Supplied by Old House Books.
The indispensable companion of every well-bred lady at the close of the nineteenth century.
In chapters on each part of the female form copious details guide the reader through such imperfections as wrinkles, sunburn, warts and even baldness – for which a concoction of rum and onion is prescribed – without ever venturing upon too much scientific explanation. Such simple and politely euphemistic terminology as ‘small black spots’ and ‘redness’, combined with the occasional piece of hearsay or high society gossip, gives the impression of a casual yet authoritative chat among nineteenth century aristocratic gentlewomen.
Ever fearful of old age or indeed the illusion thereof, The Lady’s Dressing Room strikes a graceful balance between hopeless self-indulgence – chocolate is offered as a cure for bad breath – and an heroic call for ‘spartan frugality’ where there is even the slightest ‘tendency to grow stout’.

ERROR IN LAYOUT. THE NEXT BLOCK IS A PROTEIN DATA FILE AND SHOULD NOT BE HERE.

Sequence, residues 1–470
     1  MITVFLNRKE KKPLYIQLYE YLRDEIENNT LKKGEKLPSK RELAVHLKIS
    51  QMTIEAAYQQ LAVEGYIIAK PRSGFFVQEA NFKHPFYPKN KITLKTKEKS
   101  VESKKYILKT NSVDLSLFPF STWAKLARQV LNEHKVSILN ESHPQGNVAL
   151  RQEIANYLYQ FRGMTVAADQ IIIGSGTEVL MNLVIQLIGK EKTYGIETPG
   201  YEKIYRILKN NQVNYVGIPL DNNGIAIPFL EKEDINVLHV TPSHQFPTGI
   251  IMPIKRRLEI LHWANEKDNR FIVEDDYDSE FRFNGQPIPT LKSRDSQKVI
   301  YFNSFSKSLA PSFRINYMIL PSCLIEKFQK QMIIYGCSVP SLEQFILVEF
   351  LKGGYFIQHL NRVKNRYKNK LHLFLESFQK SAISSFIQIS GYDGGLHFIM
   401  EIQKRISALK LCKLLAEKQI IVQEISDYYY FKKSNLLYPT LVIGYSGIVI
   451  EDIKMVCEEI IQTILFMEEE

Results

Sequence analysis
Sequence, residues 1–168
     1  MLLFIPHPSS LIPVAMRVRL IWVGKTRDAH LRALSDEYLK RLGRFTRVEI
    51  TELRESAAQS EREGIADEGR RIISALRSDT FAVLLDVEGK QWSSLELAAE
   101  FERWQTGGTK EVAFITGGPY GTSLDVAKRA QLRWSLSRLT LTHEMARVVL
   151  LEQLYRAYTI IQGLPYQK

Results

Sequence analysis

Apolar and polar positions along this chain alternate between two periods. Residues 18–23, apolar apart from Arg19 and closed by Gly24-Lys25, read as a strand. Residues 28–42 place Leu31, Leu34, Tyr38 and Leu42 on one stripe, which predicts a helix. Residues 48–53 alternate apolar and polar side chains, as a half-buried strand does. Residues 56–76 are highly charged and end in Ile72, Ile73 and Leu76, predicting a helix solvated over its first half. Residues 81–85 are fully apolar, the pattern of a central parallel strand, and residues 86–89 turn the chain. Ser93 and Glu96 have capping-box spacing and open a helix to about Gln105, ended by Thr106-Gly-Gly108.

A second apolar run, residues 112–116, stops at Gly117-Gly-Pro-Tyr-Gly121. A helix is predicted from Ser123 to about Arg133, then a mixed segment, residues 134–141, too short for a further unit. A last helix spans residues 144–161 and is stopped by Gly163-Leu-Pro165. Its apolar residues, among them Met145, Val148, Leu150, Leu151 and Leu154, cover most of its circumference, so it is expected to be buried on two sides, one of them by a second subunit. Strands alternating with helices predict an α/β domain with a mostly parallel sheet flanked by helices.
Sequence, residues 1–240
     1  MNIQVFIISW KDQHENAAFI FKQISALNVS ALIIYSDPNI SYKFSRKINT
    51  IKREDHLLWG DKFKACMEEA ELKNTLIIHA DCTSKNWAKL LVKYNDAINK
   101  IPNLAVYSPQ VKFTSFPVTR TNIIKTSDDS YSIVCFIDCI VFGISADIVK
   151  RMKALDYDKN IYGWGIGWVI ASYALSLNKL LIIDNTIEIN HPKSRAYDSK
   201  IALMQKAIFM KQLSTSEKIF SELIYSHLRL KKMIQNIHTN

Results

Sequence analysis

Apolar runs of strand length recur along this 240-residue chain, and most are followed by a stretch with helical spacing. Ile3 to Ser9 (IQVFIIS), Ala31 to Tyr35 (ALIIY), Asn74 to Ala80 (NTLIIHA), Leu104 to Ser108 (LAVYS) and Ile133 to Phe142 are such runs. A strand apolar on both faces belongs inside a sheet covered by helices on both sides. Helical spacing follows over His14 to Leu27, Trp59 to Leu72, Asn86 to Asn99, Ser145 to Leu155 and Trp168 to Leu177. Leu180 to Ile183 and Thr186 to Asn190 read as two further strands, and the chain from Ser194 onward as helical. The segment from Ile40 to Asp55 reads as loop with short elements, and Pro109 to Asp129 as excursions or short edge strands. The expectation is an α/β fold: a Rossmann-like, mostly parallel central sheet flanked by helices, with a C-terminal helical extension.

As well as being highly informative on its intended subject, this book also divulges a great deal about the writer’s contemporary society. Numerous pages of advertisements for everything from a carpet sweeper ‘ the greatest labour saving invention of the century – Invention hath no nobler aim than to lighten woman’s labour’ and the ‘permanent removal of superfluous vein-marks, moles or warts through the administering of electricity by a lady electrician’ demonstrate a burgeoning consumerism (not to mention Victorian eccentricity).
Nothing was more important to a lady than to be seen to be a lady. This is the book that showed them how.
First published 116 years ago. Hardback 384 pages.